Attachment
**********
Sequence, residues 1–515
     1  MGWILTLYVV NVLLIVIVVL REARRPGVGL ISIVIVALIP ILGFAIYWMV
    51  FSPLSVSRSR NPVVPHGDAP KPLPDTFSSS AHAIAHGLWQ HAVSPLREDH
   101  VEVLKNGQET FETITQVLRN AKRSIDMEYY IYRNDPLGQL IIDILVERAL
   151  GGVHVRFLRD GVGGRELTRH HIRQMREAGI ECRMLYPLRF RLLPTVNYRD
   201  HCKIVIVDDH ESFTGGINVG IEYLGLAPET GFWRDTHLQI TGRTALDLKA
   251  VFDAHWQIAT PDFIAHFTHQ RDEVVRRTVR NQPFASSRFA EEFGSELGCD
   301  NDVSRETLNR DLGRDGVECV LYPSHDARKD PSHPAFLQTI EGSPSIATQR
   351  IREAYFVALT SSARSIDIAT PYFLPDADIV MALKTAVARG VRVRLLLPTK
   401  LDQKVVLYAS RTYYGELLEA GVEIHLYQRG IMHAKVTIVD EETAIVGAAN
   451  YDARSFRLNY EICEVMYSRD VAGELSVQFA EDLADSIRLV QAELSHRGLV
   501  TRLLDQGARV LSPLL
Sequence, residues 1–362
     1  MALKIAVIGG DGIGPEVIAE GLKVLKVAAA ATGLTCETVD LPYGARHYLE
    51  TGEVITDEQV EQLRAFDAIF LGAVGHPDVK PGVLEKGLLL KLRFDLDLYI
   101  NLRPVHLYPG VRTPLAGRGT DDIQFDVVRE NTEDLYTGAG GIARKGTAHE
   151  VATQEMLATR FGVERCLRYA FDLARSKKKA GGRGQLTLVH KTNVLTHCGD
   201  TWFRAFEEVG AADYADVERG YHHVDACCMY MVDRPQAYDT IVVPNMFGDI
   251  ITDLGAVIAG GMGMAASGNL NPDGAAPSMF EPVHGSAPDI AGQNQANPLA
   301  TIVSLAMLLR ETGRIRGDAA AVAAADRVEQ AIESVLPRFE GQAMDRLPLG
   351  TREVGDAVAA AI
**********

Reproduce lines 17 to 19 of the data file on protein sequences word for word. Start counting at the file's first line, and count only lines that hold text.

   151  VATQEMLATR FGVERCLRYA FDLARSKKKA GGRGQLTLVH KTNVLTHCGD
   201  TWFRAFEEVG AADYADVERG YHHVDACCMY MVDRPQAYDT IVVPNMFGDI
   251  ITDLGAVIAG GMGMAASGNL NPDGAAPSMF EPVHGSAPDI AGQNQANPLA